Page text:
Williams is a Consensus First-Round Pick in Post-Lottery Mock Drafts

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    (Photo via Andrew Ferguson/Tennessee Athletics)

    The 2019 NBA Draft Lottery has come and gone, and the New Orleans Pelicans shocked the basketball world when they won the No. 1 overall pick despite having some of the worst odds among the 14 teams vying for the top spot. The Memphis Grizzlies and New York Knicks round out the top three picks of the upcoming draft.

    Now that the 2019 NBA Draft order has been completely set, most sites that cover the NBA Draft have updated their mock drafts after the lottery. And essentially every updated mock draft now has Tennessee’s Grant Williams as a first-round pick.

    Williams, the two-time SEC Player of the Year, will be participating in the 2019 NBA Draft Combine this week in Chicago. The combine begins today and runs though May 19th. According to Andy Katz of NCAA.com, Williams claims he’ll have a decision about his basketball future this weekend, well before the May 29th deadline to withdraw his name from consideration.

    All underclassmen have until 10 days after the combine ends to take their name out of the draft pool and return to school if they so choose. This year, that makes the deadline May 29th. But Williams doesn’t intend to make UT wait that long, and he could come to a decision as soon as Saturday, May 18th.

    Williams will wait and see what kind of analysis and grades he gets back from teams before deciding, but if NBA scouts feel the same way many in the media do, then there’s a good chance Williams will keep his name in the draft pool.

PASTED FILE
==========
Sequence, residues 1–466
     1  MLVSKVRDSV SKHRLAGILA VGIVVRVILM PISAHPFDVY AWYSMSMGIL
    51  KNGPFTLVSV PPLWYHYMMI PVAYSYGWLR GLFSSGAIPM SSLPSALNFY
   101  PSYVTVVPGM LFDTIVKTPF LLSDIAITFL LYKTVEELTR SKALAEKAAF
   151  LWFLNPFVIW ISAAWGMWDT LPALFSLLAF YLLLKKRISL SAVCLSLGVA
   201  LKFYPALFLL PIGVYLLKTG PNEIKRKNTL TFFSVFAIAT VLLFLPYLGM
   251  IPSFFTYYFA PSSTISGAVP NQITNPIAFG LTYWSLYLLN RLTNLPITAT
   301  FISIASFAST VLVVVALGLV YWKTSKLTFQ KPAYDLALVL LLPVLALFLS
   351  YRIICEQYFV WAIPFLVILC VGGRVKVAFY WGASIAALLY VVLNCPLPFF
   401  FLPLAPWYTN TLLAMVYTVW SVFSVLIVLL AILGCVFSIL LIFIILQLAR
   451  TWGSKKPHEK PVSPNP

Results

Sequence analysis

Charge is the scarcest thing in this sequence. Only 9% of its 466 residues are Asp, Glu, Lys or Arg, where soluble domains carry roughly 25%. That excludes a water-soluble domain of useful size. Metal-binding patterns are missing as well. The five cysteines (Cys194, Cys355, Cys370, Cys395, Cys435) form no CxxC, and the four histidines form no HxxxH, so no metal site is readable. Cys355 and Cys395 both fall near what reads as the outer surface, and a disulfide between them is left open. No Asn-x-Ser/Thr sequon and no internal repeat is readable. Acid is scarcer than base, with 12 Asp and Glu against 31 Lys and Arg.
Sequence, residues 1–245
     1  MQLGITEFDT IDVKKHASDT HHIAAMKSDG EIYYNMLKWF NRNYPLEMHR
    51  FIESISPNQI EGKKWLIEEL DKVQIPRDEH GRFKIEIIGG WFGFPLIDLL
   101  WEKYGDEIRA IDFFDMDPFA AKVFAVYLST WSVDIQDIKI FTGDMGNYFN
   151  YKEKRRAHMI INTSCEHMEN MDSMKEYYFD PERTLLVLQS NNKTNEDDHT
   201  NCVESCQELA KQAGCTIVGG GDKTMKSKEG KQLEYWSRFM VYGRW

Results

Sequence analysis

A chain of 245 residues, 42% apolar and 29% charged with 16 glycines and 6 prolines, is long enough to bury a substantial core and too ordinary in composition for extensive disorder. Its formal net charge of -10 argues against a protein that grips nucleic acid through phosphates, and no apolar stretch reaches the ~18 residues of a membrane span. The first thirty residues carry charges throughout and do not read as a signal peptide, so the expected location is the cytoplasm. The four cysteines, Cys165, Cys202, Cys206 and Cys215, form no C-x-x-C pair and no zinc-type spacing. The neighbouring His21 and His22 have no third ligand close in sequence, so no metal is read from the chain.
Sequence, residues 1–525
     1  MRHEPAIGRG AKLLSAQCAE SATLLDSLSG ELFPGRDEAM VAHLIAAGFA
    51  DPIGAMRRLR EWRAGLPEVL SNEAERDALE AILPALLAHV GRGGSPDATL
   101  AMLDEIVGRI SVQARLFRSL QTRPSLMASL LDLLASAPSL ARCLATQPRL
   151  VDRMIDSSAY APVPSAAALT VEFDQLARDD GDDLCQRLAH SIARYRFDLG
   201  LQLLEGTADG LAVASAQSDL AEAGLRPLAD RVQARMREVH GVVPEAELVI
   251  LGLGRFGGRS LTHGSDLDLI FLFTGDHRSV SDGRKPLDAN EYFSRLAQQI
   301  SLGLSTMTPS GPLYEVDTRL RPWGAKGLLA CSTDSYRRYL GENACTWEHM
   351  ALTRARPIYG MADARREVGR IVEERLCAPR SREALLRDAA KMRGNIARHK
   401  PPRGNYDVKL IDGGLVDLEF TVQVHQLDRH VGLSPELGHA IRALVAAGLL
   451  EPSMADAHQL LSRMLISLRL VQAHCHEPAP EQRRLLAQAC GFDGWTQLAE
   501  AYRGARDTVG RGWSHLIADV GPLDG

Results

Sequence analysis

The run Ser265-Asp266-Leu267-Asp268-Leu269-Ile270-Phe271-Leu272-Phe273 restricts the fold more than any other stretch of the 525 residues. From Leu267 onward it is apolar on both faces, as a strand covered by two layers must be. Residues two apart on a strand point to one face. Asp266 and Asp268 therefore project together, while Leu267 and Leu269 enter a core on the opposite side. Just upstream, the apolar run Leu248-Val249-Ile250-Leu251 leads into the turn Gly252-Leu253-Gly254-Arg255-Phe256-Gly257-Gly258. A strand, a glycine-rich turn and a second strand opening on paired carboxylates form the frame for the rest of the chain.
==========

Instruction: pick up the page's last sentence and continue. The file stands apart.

On seven different major media outlets that cover the NBA Draft, Williams is pegged as a first-round draft pick. It’s just a matter of where he’s selected. There’s only one major outlet currently not predicting Williams to be selected in the first round, and that’s Sports Illustrated. Their most recent mock draft has Williams going No. 32 overall in the second round to Phoenix Suns.

    Otherwise, Williams is projected as a first-round pick.

    According to Tankathon’s updated mock draft, Williams will be selected No. 21 overall by the Oklahoma City Thunder in the first round. Tankathon doesn’t provide a blurb or analysis of Williams like the other sites do, but they do have him ranked as the No. 4 power forward available in the 2019 class and the No. 17 overall prospect on their big board. Heavy.com doesn’t provide an analysis of Williams either, but they have him being taken No. 22 overall by the Boston Celtics in their updated mock draft. Heavy also has Williams’ teammate at Tennessee, Admiral Schofield, going in the first round. Schofield is selected No. 29 overall by the San Antonio Spurs in their post-lottery mock draft.

    In Kyle Boone’s updated mock draft on CBS Sports, he views Williams as a lottery pick, predicting the consensus First-Team All-American to go 13th overall to the Miami Heat.

    “Strong, physically-imposing two-way player who did a little of everything at Tennessee while winning consecutive SEC Player of the Year honors,” Boone writes of Williams. “Projecting him to the NBA is seamless, too; he played primarily power forward with the Vols but showed strong flashes and skill as a perimeter player, evidenced by his 32.6% accuracy from 3-point range and off-the-dribble playmaking. He’s perhaps not a star, but a safe pick for the Heat who can contribute even in a deep frontcourt rotation.”

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    Boone also has Admiral Schofield being selected in the first round. Schofield is taken No. 27 overall by the Brooklyn Nets in Boone’s post-lottery mock draft.

    The Ringer has consistently been high on Grant Williams, and they at one point had him projected as a lottery pick as well. But in their updated mock draft after the NBA Draft Lottery, they have Williams going No. 17 overall to the Nets. Their analysis calls him a “team-first player who runs the show from the post but will need to expand his game to the perimeter at the next level.”

    Not only that, but Williams is also identified by The Ringer as one of the top five playmakers available in the draft regardless of position.